Back in the early nineties when the domain name registration race kicked off and corporates battled to create relatively simple brochure sites, relationships between creative agencies and developers grew and certain routines and working practices evolved. These relationships have advanced – a little – along the way as a typical corporate web presence has become more complex and demanding and, of course, the full service agencies have established their own way.
However, in 2016, the fact still remains that designers and developers often struggle to coexist and managing this relationship remains a pain point for clients. So, when it comes to specialist shops working together, does the perfect coalition exist?
The need for change
The original union would typically be a pyramid set up. Clients would sit at the top, talking independently to their creative and development teams. This model nurtured little in the way of relationship between designers and developers and designers generally led the pack – what they created, developers integrated.
Adding to the complexity, design in this scenario might be handled by various agencies, often without clear sight of the bigger picture. The upshot was that no one was tasked with spotting commonalities – or the lack of commonalities. Whilst design might take the lead more comfortably in a single site scenario, it is only one piece of the puzzle in more composite situations.
What’s driving change?
These days, a typical corporate web presence evolves and grows almost daily as technology allows us to do things that we once only dreamed of. But it’s not just technology driving the change, organisations need solutions on a global scale that also allow their local markets to operate with the just right amount of independence. These are 3 common themes that we believe all point to the need for a new way of working:
1. Multi-brand, multi-channel, multi-territory – the need to create and build at scale.
2. The customer journey – the need to create a consistent experience throughout the engagement lifecycle.
3. Uniformity of solution and design across different streams.
To summarise, the question that tends to remain unresolved is what is the best way to manage multiple agencies when implementing quality customer experiences at scale?
Moving towards Atomic Design
In moving towards a future model for success, a paradigm shift is required in the design world. Creatives must think less about page by page design and engage more in atomic design.
This methodology provides a common visual language for building platforms that enables different creative agencies to tackle individual brands whilst maintaining an inherent consistency. How does it work? Put very simply, atoms are the basic building blocks which can be built up into molecules that become functional; together these then form organisms that are repeatable components. From there, templates are created where a page starts to take its form. If atoms are consistent, everything built around them will carry that uniformity.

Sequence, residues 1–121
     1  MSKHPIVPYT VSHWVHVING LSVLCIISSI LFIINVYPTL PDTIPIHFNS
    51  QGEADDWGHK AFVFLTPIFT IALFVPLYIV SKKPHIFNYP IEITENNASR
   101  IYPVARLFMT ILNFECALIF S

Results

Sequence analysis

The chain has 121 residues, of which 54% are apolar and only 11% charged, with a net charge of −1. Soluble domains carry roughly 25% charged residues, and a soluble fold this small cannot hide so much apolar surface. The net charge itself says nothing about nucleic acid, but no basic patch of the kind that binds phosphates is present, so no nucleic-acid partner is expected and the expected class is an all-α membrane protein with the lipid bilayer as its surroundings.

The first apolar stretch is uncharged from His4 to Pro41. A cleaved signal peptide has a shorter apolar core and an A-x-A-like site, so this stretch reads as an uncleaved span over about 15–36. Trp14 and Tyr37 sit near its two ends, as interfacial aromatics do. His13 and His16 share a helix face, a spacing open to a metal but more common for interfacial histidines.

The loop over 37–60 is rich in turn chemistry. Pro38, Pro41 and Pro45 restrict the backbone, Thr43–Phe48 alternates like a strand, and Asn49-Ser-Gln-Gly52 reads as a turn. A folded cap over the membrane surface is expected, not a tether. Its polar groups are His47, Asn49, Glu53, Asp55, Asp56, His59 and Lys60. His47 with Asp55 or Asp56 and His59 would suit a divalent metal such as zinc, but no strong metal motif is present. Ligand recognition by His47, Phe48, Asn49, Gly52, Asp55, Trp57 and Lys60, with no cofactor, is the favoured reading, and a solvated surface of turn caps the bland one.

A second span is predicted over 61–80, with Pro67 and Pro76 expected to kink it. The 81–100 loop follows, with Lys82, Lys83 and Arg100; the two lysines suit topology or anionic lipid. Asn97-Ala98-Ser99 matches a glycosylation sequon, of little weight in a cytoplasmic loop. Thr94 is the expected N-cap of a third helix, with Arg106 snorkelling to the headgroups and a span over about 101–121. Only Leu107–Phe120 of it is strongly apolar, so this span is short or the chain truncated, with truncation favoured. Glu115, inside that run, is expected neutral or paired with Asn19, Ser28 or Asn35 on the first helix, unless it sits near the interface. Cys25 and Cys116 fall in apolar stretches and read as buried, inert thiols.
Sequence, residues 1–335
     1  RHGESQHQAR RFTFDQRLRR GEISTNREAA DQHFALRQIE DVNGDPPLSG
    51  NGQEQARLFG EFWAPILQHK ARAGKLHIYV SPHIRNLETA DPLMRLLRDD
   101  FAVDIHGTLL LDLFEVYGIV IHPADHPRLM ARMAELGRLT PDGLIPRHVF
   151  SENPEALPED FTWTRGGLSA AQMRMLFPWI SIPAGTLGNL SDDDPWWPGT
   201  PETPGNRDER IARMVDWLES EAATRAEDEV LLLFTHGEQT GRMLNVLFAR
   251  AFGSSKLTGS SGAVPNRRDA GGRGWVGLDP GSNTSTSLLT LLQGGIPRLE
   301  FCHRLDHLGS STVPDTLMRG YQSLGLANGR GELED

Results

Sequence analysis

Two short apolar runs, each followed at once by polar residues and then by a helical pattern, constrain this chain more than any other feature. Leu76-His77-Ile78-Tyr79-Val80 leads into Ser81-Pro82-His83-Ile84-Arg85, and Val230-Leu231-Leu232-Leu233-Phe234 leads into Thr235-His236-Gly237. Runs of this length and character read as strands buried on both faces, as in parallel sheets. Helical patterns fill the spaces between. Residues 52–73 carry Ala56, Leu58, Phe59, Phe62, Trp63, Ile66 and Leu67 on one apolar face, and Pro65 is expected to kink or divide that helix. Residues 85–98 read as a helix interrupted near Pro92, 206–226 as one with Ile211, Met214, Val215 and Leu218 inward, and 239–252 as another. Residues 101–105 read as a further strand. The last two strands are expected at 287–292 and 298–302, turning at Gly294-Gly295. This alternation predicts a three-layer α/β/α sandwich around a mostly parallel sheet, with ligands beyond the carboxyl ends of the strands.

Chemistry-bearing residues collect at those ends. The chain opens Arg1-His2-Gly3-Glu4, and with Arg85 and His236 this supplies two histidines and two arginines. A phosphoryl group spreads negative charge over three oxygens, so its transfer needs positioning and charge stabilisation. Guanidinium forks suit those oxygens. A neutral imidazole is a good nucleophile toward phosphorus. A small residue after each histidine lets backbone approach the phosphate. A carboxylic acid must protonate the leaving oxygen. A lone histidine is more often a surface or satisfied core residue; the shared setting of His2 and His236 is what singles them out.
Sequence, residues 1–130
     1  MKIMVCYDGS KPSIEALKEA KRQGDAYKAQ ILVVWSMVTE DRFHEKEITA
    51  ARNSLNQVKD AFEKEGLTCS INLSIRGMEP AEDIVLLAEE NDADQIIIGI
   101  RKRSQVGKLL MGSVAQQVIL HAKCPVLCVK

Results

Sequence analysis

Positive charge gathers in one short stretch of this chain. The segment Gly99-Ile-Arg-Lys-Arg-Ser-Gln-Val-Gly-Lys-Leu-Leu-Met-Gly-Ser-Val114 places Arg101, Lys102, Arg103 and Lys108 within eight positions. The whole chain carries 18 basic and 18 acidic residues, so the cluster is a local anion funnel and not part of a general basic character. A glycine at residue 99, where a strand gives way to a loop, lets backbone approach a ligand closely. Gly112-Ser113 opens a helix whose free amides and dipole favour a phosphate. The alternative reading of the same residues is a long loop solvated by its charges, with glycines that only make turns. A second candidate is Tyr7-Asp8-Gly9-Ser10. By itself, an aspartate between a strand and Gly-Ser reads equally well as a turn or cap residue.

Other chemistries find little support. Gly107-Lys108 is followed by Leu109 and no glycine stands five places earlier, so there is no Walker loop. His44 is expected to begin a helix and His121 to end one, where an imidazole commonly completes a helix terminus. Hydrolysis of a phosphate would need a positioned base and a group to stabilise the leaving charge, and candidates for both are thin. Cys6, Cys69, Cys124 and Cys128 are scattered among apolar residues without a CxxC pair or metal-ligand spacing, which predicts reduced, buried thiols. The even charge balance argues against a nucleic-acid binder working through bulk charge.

This is fabulously described by Brad Frost in more detail in his blog post (link: http://bradfrost.com/blog/post/atomic-web-design/). The fundamental difference is that instead of designing pages, creatives are going to have to think about designing around individual components that will work together.
This is going to require a huge mindset shift for designers who, by the very nature of their training and, as an artefact of the days of brochureware sites, don’t think in atomic chunks.
The Ideal Setup
For the atomic methodology to work successfully, we must start to work differently with designers and creative agencies.
We like to start collaborating much earlier in the process. In the best case scenario, the driver in the design process would be the UX and UI developers. Ideally, they would create multiple atoms in the initial phase and then manage the design process as wireframes are converted into visual designs. In this scenario, developers are creating the structure and get to assess designs against criteria such as the cost and time of integration, the consistency of the platform, adherence to brand identity, mobile strategy compliance and so on at a much earlier stage.
When designs are then presented to clients, both designers and developers are happy that they are both on strategy creatively and workable technically. This model would potentially save huge amounts of time in both the creative and development process, eliminating costly rounds of creative development that are ultimately unsuited for the platform. In the multi-agency scenario, when creatives are designing to pre-ordained templates, the margin for inconsistency is massively reduced.
Collaboration is the key to success – a process in which creative and technical development happily coexist. We’re ready for it – are you?
06 July 2017Leigh Gammons
17 June 2019Josie Klafkowska
05 June 2019David Friar
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